If you use -30,666,667 for X you would get -24,000,000 / 0 = .25. A zero in the denominator would give you an undefined answer. I think glewz was talking about checking to see that X does not make the denominator zero when posting problems. However, his comment is not relevant since the denominator is not zero and the "condition" he mentioned does not apply.
Yeah, pretty sure you can manipulate any first order algebraic equation into having an invalid point if you set it up like this, but only because it isn't simplified. You have to simplify all the way before you can start throwing around "can't divide by zeros."

glewz

Posts: 781
Joined: Tue Jun 08, 2010 4:32 pm

Not true in many cases. Let me settle this and be clear with what I was saying:

@ptblazer, to write it in that different format for other equations (And this one) would be theoretically inequivalent. In the above, the distinction is not meaningful, but regardless, OP always needs to check for conditions in which x cannot exist.

@stratocophic: No, you cannot just simplify by multiplying things through, while not accounting for "can't divide by zeros": Here's a simple example that clarifies:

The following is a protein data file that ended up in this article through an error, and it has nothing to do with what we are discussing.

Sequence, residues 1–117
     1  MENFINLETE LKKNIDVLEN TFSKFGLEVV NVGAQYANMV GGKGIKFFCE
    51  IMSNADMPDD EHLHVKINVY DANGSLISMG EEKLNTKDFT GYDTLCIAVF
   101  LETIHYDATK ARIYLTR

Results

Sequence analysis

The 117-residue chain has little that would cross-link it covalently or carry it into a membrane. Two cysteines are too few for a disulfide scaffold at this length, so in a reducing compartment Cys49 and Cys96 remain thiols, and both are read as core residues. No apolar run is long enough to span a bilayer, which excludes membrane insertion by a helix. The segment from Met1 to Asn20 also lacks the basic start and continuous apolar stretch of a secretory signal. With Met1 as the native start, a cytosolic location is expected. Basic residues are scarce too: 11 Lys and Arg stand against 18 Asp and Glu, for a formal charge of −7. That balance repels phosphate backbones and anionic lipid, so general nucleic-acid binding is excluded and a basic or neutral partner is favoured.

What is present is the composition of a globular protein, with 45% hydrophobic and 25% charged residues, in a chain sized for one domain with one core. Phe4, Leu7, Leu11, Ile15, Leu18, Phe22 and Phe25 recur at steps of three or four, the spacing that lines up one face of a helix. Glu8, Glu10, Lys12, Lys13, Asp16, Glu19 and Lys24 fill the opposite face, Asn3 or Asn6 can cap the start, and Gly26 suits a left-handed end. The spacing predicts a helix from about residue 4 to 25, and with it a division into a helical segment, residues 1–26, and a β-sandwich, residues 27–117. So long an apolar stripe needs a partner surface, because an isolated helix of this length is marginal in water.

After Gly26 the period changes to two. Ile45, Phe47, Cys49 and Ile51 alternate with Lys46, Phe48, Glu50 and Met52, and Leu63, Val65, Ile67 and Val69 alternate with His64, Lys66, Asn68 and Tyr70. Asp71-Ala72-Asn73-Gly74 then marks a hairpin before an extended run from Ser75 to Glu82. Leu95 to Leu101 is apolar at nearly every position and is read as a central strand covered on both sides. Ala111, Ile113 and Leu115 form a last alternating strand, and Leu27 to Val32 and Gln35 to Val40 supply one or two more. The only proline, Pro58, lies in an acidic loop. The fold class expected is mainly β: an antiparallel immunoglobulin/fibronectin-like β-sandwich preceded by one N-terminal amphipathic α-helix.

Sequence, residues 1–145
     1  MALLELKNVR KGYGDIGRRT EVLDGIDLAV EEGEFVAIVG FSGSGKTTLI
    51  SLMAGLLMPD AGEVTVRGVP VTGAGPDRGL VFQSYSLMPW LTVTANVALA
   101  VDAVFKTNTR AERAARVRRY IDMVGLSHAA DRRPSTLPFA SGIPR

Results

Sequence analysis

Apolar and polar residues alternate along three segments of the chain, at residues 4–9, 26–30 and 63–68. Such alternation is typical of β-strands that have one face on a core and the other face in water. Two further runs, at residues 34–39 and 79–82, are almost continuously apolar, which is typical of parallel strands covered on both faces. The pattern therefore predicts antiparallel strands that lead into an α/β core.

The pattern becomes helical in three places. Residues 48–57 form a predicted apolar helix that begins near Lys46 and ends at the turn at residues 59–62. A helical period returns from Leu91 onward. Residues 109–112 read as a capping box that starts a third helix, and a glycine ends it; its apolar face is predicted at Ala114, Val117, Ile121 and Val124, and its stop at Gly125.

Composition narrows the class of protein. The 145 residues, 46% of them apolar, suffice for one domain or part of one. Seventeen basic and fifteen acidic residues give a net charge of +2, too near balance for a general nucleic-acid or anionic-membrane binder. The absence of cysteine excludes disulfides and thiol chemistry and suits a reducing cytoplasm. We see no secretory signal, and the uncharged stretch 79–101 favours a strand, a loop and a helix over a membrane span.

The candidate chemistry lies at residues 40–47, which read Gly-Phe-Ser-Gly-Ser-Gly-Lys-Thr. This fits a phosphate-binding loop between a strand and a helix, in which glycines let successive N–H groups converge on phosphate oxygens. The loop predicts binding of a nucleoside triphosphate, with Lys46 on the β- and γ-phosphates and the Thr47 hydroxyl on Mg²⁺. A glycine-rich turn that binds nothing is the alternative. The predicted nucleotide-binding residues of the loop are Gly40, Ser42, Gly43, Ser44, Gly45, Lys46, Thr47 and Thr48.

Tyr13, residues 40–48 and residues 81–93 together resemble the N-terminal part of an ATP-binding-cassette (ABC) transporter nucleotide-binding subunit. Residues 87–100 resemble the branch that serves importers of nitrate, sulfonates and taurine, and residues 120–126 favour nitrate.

Problem: (2x^2 - x - 1) / (x - 1) =3
If we simplified all the way, then we'd get:
--> (2x +1)(x-1) / (x-1) = 3
--> 2x + 1 = 3
--> 2x = 2
--> x = 1
BUT x can't equal one because in the problem above, (x - 1) can't exist. So the answer to the problem is: "No Solution"

Posts: 98
Joined: Thu Nov 18, 2010 1:57 pm

Ugh... I hate numbers.

Renzo

Posts: 4254
Joined: Tue Dec 02, 2008 3:23 am

stratocophic

Posts: 2204
Joined: Tue Dec 22, 2009 6:24 pm

glewz wrote:Not true in many cases. Let me settle this and be clear with what I was saying:

@ptblazer, to write it in that different format for other equations (And this one) would be theoretically inequivalent. In the above, the distinction is not meaningful, but regardless, OP always needs to check for conditions in which x cannot exist.

@stratocophic: No, you cannot just simplify by multiplying things through, while not accounting for "can't divide by zeros": Here's a simple example that clarifies:

Problem: (2x^2 - x - 1) / (x - 1) =3
If we simplified all the way, then we'd get:
--> (2x +1)(x-1) / (x-1) = 3
--> 2x + 1 = 3
--> 2x = 2
--> x = 1
BUT x can't equal one because in the problem above, (x - 1) can't exist. So the answer to the problem is: "No Solution"
Hence why I said "first order." That's a quadratic equation, which is a second order equation. I don't discount the likelihood that I'm wrong. I'm not the one to be giving mathematical principles, given my sterling 2.0 GPA in college mathematics.